three little words

‘I don’t care’ are three little words that get dished out every day, on a regular basis to kids and adults, which have consequences a lot deeper that you may realise.

When a child comes to you with an excuse or story as to why something happened, or didn’t happen and you say “I don’t care”, you actually mean “I don’t have time for this story at the moment; I just want the situation sorted”. You brush the child off because you are too busy, stressed, tired or maybe embarrassed and just want to get to the bottom of an incident or don’t want to be interrupted.

What the child hears is, “I don’t care about you!” Hear it often enough and it becomes “you don’t love me”.

I know I used to say it. I hear it all the time from teachers at school. I hear it in the supermarket, walking down the street or on the train. “I don’t care, just … Do it! Be quiet! Not now!”

Adults can separate the behaviour from the person. Children cannot.

The child eventually starts to believe that they – the parent, teacher or friend:

  • don’t want to listen to me
  • don’t care what I have to say
  • don’t think that what I have to say is important

This can turn into:

  • I am not important
  • I am not being heard, so why bother to speak up
  • I am not being heard, let’s act out so that I am

The same goes for “You idiot! You’re stupid! You are so dumb! You will never amount to anything!” and any other name calling or put down. Hear it often enough from the most significant people in your life and you believe it, not necessarily on a conscious level, but it is hard wired into our unconscious. The good old, self fulfilling prophecy is implanted into your being.

I was a sensitive and caring child but if I made a mistake or didn’t do something ‘good enough’, my dad’s words ‘bloody hopeless’ still ring in my ears. If I was upset or cranky, I was laughed at or sent away to sort things out myself. I became too frightened to speak up for fear of ridicule and judgement. Intellectually and on a practical level I was very capable, but come to asking for assistance or speaking from my heart I was scared stiff. I figured nobody really cared.

Consequently, I toughened up by shutting down. I numbed the pain of feeling not worthy, that is, feeling ‘not good enough’, by staying small, thinking a lot, feeling ‘different’ and not connecting deeply with anyone. I eventually numbed that pain with drugs for some years. That didn’t make the pain go away, it just added another layer of problems.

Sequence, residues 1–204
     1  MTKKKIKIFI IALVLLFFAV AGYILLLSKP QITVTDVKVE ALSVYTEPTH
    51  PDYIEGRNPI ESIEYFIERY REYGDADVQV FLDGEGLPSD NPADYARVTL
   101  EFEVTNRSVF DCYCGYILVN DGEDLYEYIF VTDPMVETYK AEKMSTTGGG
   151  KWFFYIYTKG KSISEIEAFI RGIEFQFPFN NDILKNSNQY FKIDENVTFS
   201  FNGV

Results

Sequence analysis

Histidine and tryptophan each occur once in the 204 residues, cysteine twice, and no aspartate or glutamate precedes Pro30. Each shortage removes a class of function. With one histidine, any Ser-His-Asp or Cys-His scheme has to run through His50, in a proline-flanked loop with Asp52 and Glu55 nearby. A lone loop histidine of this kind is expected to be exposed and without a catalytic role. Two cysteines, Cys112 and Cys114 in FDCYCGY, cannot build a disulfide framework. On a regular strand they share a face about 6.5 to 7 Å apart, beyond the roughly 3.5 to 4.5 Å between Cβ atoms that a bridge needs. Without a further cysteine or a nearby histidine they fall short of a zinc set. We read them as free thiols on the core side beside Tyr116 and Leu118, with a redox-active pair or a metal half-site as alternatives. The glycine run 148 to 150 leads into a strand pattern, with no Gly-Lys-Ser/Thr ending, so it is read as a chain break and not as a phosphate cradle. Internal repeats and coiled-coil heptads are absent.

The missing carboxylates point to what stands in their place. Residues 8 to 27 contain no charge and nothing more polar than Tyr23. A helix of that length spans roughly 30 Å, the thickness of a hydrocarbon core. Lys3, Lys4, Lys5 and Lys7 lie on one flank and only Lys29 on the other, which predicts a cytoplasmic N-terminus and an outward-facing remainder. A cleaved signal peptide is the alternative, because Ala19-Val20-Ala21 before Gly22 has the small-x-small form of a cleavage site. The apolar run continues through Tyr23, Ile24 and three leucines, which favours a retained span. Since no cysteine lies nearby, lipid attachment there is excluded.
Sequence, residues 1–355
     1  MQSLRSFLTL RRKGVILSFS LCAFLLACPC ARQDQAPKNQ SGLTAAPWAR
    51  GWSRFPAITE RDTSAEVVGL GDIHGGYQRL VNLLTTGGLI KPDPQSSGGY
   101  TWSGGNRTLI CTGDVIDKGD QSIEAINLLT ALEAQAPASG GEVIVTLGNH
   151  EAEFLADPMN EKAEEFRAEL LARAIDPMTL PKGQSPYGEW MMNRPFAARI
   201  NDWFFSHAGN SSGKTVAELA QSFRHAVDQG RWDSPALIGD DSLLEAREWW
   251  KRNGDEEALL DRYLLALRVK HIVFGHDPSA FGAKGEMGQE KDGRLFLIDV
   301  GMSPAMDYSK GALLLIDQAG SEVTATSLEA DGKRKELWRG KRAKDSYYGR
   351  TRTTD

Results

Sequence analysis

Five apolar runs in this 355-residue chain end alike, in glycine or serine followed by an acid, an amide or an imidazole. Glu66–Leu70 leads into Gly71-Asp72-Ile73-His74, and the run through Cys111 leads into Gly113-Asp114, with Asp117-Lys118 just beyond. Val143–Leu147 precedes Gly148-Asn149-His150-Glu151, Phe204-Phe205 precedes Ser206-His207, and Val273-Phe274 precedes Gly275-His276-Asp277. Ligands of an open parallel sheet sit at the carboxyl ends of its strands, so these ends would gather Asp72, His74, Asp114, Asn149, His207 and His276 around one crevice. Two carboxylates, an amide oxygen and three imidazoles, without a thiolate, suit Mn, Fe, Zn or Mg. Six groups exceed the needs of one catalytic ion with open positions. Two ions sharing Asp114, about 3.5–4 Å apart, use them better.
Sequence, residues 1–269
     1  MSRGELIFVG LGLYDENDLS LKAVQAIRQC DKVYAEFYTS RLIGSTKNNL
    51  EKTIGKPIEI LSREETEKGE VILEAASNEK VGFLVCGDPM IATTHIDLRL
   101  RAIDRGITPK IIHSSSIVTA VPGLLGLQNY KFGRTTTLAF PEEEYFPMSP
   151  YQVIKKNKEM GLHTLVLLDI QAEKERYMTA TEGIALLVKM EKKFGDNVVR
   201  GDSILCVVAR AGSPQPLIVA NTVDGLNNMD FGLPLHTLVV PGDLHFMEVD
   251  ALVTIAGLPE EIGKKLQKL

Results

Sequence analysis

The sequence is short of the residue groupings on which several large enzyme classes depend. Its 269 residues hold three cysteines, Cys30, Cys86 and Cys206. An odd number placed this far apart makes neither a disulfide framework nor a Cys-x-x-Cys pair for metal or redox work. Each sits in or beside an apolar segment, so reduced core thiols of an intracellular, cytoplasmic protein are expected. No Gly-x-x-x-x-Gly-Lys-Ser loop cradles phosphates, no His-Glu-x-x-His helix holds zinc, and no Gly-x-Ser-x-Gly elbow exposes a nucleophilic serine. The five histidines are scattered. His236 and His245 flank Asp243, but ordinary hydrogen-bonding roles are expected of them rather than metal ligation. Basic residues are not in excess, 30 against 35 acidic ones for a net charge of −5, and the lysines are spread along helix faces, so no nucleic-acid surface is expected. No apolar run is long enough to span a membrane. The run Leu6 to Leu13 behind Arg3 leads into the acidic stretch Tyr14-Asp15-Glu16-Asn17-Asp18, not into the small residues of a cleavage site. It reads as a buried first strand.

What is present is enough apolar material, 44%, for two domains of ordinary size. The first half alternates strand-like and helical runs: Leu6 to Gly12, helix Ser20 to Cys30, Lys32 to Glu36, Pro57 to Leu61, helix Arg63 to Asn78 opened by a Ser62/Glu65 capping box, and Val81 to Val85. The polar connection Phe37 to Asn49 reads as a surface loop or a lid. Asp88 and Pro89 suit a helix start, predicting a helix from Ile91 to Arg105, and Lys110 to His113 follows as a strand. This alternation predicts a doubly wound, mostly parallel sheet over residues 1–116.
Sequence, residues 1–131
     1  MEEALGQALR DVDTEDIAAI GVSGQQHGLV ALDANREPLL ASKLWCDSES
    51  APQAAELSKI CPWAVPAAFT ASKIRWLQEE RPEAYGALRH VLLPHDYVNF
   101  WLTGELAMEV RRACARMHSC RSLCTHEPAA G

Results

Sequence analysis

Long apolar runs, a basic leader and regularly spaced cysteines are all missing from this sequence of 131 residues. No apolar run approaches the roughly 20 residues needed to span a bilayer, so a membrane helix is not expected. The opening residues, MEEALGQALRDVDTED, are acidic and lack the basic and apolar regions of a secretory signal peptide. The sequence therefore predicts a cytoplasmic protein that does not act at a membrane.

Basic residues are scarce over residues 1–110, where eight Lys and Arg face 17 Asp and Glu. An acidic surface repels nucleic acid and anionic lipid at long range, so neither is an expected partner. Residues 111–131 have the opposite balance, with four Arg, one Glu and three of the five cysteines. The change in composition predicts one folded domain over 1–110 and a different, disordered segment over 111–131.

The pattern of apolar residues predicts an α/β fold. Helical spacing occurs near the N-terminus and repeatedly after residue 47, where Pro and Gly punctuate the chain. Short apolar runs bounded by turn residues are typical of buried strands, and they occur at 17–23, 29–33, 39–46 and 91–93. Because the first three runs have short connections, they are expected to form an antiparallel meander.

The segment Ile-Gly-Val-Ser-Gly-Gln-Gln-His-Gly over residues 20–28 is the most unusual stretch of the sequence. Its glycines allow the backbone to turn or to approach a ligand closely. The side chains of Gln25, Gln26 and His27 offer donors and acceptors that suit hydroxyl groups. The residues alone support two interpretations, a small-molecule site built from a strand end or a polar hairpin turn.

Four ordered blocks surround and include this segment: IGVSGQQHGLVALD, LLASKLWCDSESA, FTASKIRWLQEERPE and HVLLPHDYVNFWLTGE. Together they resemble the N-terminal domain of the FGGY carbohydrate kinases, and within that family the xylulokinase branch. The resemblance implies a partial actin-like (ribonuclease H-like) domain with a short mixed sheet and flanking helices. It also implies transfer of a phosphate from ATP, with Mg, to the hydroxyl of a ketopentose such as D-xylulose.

I only recently realised that the subconscious belief that had been running for almost 50 years was ‘I am not allowed to feel’ and ‘I am not allowed to speak’.

Essentially, I lacked self worth and am still dealing with it on some levels. As a kid I came across really confident and mature, it was my mask to feeling unworthy and vulnerable. I remember in my early 20’s, a friend saying that I was ‘fiercely independent’. At the time, I thought this was good. It was just a defense mechanism to protect myself from being hurt or rejected. I was a bit of an adrenalin junkie and did adventurous and dangerous things to look strong and courageous. What I lacked was ordinary courage – the courage to speak my truth, from my heart and dare to be vulnerable. Having the courage to be vulnerable is where real personal growth and connection happens.

Lack of self worth is what gets in the way of everyone who is not achieving what they really want in life. That little voice in your head that says to you, ‘what makes you think you can do that? You are too old, too fat, too thin, too short, too dumb!’ These are all subconscious beliefs that are not true!

How often do you say that, or whatever it is to you, to yourself? Does it stop you from doing things you really want to do or does it make you more determined?

The days that children “should be seen and not heard” are over. Children need to be supported to express themselves and to feel confident and safe to do so. You can encourage this by:

  • Leading by example and learning how to respond rather than react to situations
  • Allowing them to witness you expressing your feelings and being supported by your partner or a friend
  • Do not name call or label
  • Give them the time to be heard. Hear the story from their perspective, remembering they have not been around as long as you have, to be aware of all the other aspects involved
  • Acknowledge what they are saying, understand how they feel and maybe give them suggestions of how to deal with it differently
  • Allow them to be them! They are living in a different world to what you grew up in.

Your actions speak louder that your words. Saying ‘I love you’ is important. Showing ‘I love you’ is what really sticks.

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